Amantadine is a medication that was initially used as an antiviral agent in humans, but it is gaining popularity for its contribution to chronic pain management in both human and veterinary medicine.
You may wonder why you haven’t heard of this medication before, but unless your dog has suffered from long-standing, severe pain, poorly managed by traditional pain relievers, there’s no reason you would have. Amantadine is generally reserved for these situations.
HOW AMANTADINE WORKS FOR DOGS
Amantadine is an N-Methyl-D-aspartate (NMDA) receptor antagonist. NMDA receptors are heavily involved with the transmission of pain impulses from nerve to nerve, especially in chronic pain situations. When a neurotransmitter attaches to NMDA receptors, pain perception is amplified. When the receptors are blocked by amantadine, the neurotransmitter cannot attach and pain perception is diminished. It’s as simple as that.
Amantadine is not useful for acute (sudden) severe pain, such as pain caused by a broken bone or post-operative pain, because the NMDA receptors are not a big player in these situations. Amantadine actually works best when pain is already present, which is why it is used most frequently in chronic pain situations when additional relief is needed.
Amantadine does not work well as a stand-alone pain reliever. A perfect candidate for amantadine might be a dog suffering from arthritis pain who is already being given a nonsteroidal anti-inflammatory drug (NSAID), gabapentin, joint supplements, and maybe even an opioid pain reliever but still needs more relief.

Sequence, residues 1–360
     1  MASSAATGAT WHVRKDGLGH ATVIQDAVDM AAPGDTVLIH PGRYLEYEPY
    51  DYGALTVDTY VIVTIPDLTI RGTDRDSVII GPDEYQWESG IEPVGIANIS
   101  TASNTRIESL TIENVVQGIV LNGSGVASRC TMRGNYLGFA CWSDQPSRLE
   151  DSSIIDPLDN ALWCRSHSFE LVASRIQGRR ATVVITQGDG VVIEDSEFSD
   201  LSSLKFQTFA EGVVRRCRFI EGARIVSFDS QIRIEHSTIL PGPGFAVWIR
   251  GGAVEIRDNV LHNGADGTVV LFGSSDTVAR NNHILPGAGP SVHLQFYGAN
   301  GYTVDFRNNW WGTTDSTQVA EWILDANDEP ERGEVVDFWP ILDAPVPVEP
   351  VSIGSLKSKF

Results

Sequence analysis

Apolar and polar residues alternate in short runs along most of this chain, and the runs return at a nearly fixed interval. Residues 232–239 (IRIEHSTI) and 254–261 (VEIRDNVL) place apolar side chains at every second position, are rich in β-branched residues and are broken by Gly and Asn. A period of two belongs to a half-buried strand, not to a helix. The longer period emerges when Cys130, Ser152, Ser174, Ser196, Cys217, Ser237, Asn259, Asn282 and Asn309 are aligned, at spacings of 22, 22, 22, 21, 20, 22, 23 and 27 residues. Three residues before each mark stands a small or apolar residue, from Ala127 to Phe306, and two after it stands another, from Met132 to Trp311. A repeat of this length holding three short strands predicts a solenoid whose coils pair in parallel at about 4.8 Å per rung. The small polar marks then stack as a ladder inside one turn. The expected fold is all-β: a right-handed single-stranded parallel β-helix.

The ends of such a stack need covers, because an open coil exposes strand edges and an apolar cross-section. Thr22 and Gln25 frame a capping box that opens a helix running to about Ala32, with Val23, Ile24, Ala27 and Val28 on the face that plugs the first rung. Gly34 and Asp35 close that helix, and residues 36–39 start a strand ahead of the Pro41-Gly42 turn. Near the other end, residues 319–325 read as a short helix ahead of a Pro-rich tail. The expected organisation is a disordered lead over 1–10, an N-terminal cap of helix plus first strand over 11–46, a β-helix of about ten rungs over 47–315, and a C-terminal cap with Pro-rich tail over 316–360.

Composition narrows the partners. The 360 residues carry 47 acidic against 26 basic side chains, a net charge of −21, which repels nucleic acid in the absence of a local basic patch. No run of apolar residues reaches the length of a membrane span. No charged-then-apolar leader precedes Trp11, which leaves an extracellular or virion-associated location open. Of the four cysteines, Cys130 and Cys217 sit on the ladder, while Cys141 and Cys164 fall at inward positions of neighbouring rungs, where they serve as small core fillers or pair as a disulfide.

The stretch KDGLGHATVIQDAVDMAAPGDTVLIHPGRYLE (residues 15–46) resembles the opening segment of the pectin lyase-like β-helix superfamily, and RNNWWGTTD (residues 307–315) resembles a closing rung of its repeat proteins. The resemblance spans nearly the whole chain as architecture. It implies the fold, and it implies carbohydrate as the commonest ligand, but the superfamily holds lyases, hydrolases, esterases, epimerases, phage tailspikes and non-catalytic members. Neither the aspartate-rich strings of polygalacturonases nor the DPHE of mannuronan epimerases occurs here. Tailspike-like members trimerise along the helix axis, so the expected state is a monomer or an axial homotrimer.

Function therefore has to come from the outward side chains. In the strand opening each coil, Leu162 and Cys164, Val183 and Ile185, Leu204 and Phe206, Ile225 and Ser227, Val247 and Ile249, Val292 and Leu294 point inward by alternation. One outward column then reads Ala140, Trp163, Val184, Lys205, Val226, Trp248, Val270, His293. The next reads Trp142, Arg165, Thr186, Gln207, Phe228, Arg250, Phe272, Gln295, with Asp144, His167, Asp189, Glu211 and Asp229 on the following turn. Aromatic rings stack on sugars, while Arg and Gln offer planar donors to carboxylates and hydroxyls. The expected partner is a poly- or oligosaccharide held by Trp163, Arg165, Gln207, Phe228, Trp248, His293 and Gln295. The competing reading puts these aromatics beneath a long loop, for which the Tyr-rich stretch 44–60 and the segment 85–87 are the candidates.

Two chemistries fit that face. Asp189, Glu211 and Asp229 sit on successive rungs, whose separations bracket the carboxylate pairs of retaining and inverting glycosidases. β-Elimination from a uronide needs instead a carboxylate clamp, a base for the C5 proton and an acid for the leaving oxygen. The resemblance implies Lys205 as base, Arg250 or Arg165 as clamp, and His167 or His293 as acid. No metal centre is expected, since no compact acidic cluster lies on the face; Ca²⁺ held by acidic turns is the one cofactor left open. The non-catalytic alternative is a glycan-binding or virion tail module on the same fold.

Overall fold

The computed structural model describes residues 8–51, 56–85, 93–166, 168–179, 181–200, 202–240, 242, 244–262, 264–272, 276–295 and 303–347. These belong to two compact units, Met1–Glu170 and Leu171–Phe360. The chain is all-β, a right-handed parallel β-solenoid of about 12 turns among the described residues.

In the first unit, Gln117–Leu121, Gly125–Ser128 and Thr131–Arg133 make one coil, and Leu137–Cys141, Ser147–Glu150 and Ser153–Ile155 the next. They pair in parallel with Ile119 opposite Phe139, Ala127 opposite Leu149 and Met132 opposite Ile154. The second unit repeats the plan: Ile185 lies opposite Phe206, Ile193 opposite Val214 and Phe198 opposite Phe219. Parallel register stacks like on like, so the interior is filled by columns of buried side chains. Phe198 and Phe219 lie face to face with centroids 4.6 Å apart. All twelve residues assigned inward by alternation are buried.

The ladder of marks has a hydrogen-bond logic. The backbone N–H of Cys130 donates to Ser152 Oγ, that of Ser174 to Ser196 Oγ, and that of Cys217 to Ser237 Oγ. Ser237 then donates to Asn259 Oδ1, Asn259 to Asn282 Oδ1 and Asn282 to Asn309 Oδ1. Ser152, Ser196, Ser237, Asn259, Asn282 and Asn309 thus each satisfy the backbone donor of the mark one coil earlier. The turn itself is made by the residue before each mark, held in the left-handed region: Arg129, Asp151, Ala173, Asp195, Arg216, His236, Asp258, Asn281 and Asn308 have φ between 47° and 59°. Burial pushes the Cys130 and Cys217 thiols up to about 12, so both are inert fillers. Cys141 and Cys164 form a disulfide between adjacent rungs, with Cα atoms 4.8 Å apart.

HOW TO USE AMANTADINE
Amantadine works best when dosed twice a day. It takes a couple of weeks to break the chronic pain cycle, so be sure to give it some time before deciding whether it’s helping or not. Amantadine side effects, if they are going to happen, usually occur early on and typically resolve with time. Possible side effects of amantadine for dogs include agitation, restlessness, flatulence, and diarrhea.
Amantadine is excreted by the kidneys, so caution is recommended when given to dogs with kidney disease. Please note that “caution” doesn’t mean you can’t or shouldn’t use it. It just means you and your veterinarian need to be careful and monitor kidney function. Your veterinarian may prescribe a lower dose out of caution.
There are some important drug interactions to consider. Use of amantadine with antihistamines (such as Benadryl) can exacerbate the anticholinergic effects of both drugs, which include dry mouth (expressed with excessive thirst and excessive lip smacking), difficulty urinating, and rapid heart rate. The same goes for clomipramine (Clomicalm), an anti-anxiety medication.
The use of amantadine with tramadol, a common pain medication for dogs, may increase the risk of seizures. If your dog is already on tramadol, be sure to discuss this risk with your veterinarian before adding amantadine.
Amantadine is frequently used in pain management and palliative care protocols for osteosarcoma (bone cancer), an excruciatingly painful condition in dogs. It is not uncommon for these dogs to receive maximum doses of an NSAID, gabapentin or pregabalin, the powerful opioid oxycodone, and amantadine in an effort to maintain a good quality of life for as long as possible.
Hopefully, as the benefits of amantadine become more widely known, we will see it prescribed more for other common, chronic, painful conditions, such as severe arthritis in aging dogs. Better pain management means happier, healthier, longer-lived dogs.